The Cuckoo’s Egg Decompiled Course Content: Highly recommended course by Chris Sanders, teaching the basics of attacking and defending networks through the lens of the famous “The cuckoos Egg” book by Clifford Stoll. Career: All Level: Beginner Price: Free
Mike Meyers’ CompTIA Security+ Certification Passport Author: Dawn Dunkerley Content: For preparing the CompTIA Security+ Certification this book is recommended. It covers every topic from the exam and also includes review questions as well as a practice exam. Career: All Level: Beginner Buy at Amazon U.S. Buy at Amazon Germany
You may consider to do the certification for the CV.
Introducion to Cybersecurity Content: Short non technical introduction course for everyone who is curious about cybersecurity. Explains the basic concepts from a higher level. Career: All Level: Beginner Price: Free or with certificate
A lot has been written about certifications and whether you should have them or not. For me it is pretty simple, certifications helped me finding jobs and improving my career.
As a penetration tester I made OSCP and OSCE, for getting a bit more into DFIR I made the CHFI certification. At the beginning of my career I did CompTIA Network+ and Security+ for learning and prooving my skills. At some companies it is simply a door opener. I know enough people who never certified and are great at their jobs and also don’t have problems making a good career.
But of course there are other ways to show your motivation:
have projects or a blog that are showing your skills
have you found vulnerabilites? write them down in your CV
found something great? consider to give a talk at a conference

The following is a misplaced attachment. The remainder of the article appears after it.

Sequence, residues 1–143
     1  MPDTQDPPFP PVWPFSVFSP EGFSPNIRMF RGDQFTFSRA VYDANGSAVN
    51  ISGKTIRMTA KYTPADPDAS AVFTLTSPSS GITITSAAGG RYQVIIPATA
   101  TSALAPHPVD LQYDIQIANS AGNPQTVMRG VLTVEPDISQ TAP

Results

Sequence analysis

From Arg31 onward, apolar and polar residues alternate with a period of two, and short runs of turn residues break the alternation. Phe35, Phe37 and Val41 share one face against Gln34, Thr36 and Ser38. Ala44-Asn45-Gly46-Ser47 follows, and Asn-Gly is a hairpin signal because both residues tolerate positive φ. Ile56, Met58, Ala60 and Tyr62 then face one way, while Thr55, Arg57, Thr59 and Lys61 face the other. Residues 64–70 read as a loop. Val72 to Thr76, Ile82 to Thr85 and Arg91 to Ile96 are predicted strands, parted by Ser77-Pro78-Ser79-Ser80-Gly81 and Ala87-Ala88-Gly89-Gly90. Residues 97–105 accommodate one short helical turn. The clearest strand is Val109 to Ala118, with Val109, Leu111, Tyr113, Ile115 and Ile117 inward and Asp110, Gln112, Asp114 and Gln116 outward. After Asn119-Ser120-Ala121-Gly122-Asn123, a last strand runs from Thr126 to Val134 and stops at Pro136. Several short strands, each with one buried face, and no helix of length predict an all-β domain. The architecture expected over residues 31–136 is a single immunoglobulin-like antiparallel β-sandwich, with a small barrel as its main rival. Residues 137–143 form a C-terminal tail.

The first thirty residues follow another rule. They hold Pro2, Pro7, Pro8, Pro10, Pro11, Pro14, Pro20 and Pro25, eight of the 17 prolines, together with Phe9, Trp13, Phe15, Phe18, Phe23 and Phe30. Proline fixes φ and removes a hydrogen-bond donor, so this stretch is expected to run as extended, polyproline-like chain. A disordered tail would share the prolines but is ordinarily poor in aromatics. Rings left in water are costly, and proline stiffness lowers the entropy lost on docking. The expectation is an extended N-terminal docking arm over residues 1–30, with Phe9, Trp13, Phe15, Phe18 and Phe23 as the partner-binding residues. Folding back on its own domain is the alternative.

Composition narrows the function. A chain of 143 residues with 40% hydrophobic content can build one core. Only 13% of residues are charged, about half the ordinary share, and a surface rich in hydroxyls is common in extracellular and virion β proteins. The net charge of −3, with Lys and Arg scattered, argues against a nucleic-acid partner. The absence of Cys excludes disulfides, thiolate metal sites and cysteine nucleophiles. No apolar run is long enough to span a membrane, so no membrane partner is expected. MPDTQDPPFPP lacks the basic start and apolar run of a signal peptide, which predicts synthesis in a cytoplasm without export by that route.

maybe you are a great CTF player?
don’t forget your personal network
Besides that, what certification you want to do strongly depends on your career path and the budget. SANS courses & certs cost a ton if you have to pay for yourself and are mainly useful if you want to go into DFIR.
On the other end there are certifications from EDX or coursera that are cheap but of course not that recognized. Certifications from securitytube are also worth a look.
After all it is the mix of certifiations, courses, experience, personality, connections and so on that enables your career.
Career Path, Labs: Penetration Tester Challenges: Penetration Tester, Forensics, Malware Level: All
Until now I never realized that hackthebox also offers free accounts, so I decided to test it and write a short post.
After a challenge here you can create your login. With the connection pack for openvpn it is possible to connect to the labs with a Kali machine (or any other Linux I guess), easy.
With the free account you can solve challenges and active machines.
Active machines For owning systems and users there are flags that are stored in files on the machines, for example:
The labs remind me about the OSCP labs, and lots of people are using them for training before the OSCP certification (which might be a good idea, though I did not) or to get an impression about the labs and the exam.